Ecological Complexity, Fuzzy Logic, and Holism in Indigenous Knowledge

Some indigenous knowledge is said to be holistic in the way it deals with the environment. Given the difficulties of Western science with complex environmental problems, any insights from the holism of indigenous knowledge are of major interest. Based on examples from Inuit and other northern peoples, it appears that indigenous knowledge approaches complex systems by using simple prescriptions consistent with fuzzy logic. Specifically, indigenous knowledge pursues holism through the continued reading of the environment, collection of large amounts of  information, and the construction of collective mental models that can adjust to new information. Such an approach serves the assessment of a large number of variables qualitatively, as opposed to focusing on a small number of variables quantitatively.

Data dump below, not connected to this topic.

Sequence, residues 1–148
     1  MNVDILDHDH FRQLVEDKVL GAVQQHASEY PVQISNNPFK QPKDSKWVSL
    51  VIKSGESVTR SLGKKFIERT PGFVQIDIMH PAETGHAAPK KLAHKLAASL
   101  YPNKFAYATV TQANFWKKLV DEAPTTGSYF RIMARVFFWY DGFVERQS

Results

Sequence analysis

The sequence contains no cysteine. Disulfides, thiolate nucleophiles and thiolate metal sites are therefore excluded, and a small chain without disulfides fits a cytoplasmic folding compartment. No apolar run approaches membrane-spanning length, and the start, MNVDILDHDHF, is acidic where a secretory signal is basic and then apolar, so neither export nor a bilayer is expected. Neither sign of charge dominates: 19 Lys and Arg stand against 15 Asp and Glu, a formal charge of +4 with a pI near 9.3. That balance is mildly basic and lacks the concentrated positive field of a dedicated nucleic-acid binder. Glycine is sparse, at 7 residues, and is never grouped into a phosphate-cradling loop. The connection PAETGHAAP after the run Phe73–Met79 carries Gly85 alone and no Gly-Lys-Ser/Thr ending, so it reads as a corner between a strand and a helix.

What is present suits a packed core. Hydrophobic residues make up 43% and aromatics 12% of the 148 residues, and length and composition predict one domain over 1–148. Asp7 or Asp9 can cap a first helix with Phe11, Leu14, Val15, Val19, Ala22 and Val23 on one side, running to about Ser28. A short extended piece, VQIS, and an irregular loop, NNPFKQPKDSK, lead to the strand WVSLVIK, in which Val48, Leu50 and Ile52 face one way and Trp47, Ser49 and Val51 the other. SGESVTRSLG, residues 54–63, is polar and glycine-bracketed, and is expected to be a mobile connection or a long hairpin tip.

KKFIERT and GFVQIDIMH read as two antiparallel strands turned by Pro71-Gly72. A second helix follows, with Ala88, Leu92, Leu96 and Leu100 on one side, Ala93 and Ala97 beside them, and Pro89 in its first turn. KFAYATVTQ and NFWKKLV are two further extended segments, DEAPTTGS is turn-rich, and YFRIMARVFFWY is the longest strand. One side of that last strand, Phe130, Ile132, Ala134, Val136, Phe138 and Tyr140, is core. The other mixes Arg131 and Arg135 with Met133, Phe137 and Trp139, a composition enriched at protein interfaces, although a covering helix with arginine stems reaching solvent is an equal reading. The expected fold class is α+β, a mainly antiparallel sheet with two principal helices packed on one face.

Read also: What can the Open Educational Resources movement learn from Indigenous Knowledge Systems?

About Giorgio Bertini

Research Professor. Founder Director at Learning Change Project - Research on society, culture, art, neuroscience, cognition, critical thinking, intelligence, creativity, autopoiesis, self-organization, rhizomes, complexity, systems, networks, leadership, sustainability, thinkers, futures ++
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